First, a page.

Altizon's end-to-end industrial IoT offering includes Datonis Edge for connecting edge devices and analyzing their data, the Datonis core platform for advanced analytics and integration, and the Datonis Manufacturing Intelligence suite, which comes with modules for productivity, quality, maintenance, energy profiling and traceability.


CEO: Yevgeny Dibrov

Armis aims to give enterprises complete visibility and control over the increasing amount of unmanaged connected devices into the workplace with an agentless security platform.

The Palo Alto, Calif.-based startup recently raised a $65 million Series C round that was led by venture capital heavyweight Sequoia Capital. Out of its roughly 50 customers, more than 25 are Fortune 100 companies, and they include Sysco Foods, Allergan and Samsung's U.S. research and development organization. The company also has a growing channel program, which includes roughly 40 partners.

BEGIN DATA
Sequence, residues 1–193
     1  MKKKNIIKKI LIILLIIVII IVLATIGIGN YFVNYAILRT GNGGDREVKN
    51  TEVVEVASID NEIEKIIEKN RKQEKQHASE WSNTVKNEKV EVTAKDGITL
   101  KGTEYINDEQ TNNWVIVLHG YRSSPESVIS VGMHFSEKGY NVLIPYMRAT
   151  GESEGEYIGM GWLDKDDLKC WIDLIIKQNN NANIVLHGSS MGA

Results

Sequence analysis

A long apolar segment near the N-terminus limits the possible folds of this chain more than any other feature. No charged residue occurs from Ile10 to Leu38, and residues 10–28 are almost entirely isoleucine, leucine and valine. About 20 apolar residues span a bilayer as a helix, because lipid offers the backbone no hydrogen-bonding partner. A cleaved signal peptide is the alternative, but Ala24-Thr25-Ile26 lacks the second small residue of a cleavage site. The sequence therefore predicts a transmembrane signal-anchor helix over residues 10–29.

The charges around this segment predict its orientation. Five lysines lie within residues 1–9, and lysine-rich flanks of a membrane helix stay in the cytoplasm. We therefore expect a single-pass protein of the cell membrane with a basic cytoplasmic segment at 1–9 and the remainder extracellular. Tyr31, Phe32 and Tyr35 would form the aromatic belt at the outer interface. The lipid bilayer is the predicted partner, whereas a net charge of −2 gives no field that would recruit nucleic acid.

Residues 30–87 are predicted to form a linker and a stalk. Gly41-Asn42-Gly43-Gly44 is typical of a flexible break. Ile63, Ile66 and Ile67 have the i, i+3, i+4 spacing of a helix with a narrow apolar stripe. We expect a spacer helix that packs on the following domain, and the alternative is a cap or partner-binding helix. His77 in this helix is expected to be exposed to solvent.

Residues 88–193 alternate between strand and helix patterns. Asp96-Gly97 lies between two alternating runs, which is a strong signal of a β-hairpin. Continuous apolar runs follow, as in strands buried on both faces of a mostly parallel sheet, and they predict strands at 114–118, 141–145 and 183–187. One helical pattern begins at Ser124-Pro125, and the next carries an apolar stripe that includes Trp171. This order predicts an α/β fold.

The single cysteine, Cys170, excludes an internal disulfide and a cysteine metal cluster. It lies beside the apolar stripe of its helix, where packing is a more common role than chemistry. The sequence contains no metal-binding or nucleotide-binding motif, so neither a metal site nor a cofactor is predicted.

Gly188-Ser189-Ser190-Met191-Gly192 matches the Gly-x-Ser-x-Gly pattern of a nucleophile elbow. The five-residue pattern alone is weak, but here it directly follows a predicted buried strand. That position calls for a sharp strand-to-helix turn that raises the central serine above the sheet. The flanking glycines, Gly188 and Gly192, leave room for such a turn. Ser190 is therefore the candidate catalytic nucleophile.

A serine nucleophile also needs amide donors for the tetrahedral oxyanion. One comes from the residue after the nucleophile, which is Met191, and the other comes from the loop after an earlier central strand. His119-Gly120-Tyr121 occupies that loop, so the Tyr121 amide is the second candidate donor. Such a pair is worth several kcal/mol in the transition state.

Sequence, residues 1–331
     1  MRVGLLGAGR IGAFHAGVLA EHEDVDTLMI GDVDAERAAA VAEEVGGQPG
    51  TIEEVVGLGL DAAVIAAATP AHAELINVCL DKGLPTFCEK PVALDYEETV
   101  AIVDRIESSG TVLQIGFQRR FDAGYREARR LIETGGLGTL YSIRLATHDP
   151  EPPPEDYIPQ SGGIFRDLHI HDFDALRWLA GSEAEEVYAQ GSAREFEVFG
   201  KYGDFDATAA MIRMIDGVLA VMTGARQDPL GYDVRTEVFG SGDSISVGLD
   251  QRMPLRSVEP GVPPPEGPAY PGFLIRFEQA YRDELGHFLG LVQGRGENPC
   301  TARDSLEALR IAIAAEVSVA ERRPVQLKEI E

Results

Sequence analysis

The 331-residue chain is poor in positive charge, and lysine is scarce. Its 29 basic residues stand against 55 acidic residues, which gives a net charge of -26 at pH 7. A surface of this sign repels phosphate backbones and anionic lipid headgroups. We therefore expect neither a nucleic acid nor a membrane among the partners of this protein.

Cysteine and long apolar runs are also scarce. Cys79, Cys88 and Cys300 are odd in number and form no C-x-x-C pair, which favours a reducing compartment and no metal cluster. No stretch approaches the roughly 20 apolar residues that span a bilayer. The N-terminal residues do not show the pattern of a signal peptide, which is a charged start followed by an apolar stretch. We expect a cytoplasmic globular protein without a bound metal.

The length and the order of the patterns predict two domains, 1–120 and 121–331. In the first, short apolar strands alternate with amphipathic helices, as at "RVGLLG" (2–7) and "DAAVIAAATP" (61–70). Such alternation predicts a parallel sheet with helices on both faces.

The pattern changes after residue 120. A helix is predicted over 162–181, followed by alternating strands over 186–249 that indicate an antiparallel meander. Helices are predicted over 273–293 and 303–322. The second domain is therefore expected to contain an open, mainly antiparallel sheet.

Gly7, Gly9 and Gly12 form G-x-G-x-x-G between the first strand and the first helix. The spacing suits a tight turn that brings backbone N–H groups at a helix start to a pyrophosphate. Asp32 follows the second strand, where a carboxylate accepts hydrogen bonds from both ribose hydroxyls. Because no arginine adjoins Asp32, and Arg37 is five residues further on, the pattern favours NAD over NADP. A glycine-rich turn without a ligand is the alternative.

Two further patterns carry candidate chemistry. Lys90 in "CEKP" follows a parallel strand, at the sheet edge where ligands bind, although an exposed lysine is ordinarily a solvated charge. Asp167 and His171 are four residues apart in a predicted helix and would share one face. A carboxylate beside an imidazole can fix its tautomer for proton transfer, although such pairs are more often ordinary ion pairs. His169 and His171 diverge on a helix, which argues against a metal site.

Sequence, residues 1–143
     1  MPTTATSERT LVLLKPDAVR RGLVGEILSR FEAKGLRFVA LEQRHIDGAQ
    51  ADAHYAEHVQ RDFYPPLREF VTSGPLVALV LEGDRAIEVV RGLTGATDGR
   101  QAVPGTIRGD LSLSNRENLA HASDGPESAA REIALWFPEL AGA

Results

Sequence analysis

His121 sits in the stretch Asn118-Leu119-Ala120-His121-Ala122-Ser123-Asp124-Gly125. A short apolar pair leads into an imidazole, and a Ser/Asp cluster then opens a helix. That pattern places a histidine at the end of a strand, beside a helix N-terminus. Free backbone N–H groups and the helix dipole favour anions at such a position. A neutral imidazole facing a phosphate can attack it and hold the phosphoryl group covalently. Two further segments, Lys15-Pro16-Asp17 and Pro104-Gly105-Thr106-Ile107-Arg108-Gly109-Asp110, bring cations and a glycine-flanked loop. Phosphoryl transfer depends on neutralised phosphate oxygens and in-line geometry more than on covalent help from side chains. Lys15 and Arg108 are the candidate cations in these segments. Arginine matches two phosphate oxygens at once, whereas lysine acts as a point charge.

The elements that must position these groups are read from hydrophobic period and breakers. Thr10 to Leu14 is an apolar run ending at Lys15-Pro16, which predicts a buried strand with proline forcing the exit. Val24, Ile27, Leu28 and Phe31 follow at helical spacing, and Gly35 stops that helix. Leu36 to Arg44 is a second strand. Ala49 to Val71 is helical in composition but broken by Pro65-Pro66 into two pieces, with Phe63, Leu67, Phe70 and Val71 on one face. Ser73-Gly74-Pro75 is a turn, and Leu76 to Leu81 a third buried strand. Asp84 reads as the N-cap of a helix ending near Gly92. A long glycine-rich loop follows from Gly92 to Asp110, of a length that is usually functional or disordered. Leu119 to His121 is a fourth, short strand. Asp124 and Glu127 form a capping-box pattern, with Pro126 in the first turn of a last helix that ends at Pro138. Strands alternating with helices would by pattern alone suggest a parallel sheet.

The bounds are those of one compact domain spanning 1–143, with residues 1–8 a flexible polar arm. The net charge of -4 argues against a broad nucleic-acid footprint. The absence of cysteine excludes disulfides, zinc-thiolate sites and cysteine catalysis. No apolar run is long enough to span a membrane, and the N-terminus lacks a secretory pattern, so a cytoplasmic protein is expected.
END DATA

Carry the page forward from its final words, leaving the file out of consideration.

Armis' agentless security platform gives enterprises a full view of the unmanaged devices on their networks, continuously monitors the devices for anomalous and malicious behavior, and disconnects or segments them when necessary.


CEO: Albert Behr

BehrTech claims to have a better solution for low-power, wide-area networks in industrial Internet of Things deployments with its recently launched MyThings software platform.

The new platform uses a new LPWAN protocol licensed from the Fraunhofer Institute called MIOTY that BehrTech says has much lower interference than LoRa, the proprietary long-range wireless protocol that has been popular in IoT. Because MyThings is a software overlay, the company says it can work with standard gateways and sensors, allowing for easy integration into legacy environments.